<l n="2819">It sends some precious instance of it selfe</l>
      <l n="2820">After the thing it loues.</l>
   </sp>
   <sp who="#F-ham-oph">
      <speaker rend="italic">Ophe.</speaker>
      <l rend="italic" n="2821">They bore him Bare fac'd on the Beer,</l>
      <l rend="italic" n="2822">Hey non nony, nony, hey nony:</l>
      <l rend="italic" n="2823">And on his graue raines many a teare,</l>
      <l rend="italic" n="2824">Fare you well my Doue.</l>
   </sp>
   <sp who="#F-ham-lae">
      <speaker rend="italic">Laer.</speaker>
      <p n="2825">Had'st thou thy wits, and did'st perswade Re­
      <lb n="2826"/>uenge, it could not moue thus.</p>
   </sp>
   <sp who="#F-ham-oph">
      <speaker rend="italic">Ophe.</speaker>
      <p n="2827">You must sing downe a‑downe, and you call
      <lb n="2828"/>him a‑downe‑a. Oh, how the wheele becomes it? It is
      <lb n="2829"/>the false steward that stole his masters daughter.</p>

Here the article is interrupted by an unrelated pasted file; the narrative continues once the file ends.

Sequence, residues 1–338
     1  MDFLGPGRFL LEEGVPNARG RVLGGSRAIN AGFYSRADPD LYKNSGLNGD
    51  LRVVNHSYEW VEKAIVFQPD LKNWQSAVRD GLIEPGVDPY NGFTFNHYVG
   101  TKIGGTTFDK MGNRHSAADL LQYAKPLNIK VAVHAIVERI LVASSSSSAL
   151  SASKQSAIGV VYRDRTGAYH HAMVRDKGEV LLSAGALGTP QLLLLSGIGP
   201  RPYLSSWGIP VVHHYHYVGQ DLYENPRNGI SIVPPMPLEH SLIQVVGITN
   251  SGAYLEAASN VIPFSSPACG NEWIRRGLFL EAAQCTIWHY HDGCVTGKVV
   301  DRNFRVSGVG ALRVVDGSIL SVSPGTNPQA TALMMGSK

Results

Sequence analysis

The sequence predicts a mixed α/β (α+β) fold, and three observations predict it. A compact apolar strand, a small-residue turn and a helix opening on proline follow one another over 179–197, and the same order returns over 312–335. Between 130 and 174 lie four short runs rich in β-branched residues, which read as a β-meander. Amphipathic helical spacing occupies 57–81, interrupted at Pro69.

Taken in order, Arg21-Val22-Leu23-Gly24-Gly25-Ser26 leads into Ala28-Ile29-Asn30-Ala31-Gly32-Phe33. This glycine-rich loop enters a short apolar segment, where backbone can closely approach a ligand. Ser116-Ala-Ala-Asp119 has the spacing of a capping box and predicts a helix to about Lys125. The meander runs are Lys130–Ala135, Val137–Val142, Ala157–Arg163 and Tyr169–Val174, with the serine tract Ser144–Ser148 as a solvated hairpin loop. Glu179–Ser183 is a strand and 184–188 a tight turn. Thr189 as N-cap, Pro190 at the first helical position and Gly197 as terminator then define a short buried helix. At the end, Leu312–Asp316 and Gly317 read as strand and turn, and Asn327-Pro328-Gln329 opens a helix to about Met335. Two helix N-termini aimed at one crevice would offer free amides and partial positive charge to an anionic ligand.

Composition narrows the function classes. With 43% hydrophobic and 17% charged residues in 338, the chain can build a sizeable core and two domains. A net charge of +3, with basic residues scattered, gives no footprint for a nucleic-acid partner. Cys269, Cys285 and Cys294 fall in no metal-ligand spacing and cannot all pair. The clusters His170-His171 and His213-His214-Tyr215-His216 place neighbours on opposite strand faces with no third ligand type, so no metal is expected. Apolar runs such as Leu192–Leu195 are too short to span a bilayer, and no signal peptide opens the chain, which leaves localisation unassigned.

</sp>
   <sp who="#F-ham-lae">
      <speaker rend="italic">Laer.</speaker>
      <p n="2830">This nothings more then matter.</p>
   </sp>
   <sp who="#F-ham-oph">
      <speaker rend="italic">Ophe.</speaker>
      <p n="2831">There's Rosemary, that's for Remembraunce.
      <lb n="2832"/>Pray loue remember: and there is Paconcies, that's for
      <lb n="2833"/>Thoughts.</p>
   </sp>
   <sp who="#F-ham-lae">
      <speaker rend="italic">Laer.</speaker>
      <p n="2834">A document in madnesse, thoughts &amp; remem­
      <lb n="2835"/>brance fitted.</p>
   </sp>
   <sp who="#F-ham-oph">
      <speaker rend="italic">Ophe.</speaker>
      <p n="2836">There's Fennell for you, and Columbines: ther's
      <lb n="2837"/>Rew for you, and heere's some for me. Wee may call it
      <lb n="2838"/>Herbe Grace a Sundaies: Oh you must weare your Rew
      <lb n="2839"/>with a difference. There's a Daysie, I would giue you
      <lb n="2840"/>some Violets, but they wither'd all when my Father dy­
      <lb n="2841"/>ed: They say, he made a good end;</p>
      <l rend="italic" n="2842">For bonny sweet Robin is all my ioy.</l>
   </sp>
   <sp who="#F-ham-lae">
      <speaker rend="italic">Laer.</speaker>
      <l n="2843">Thought, and Affliction, Passion, Hell it selfe:</l>
      <l n="2844">She turnes to Fauour, and to prettinesse.</l>
   </sp>
   <sp who="#F-ham-oph">
      <speaker rend="italic">Ophe.</speaker>
      <l rend="italic" n="2845">And will he not come againe,</l>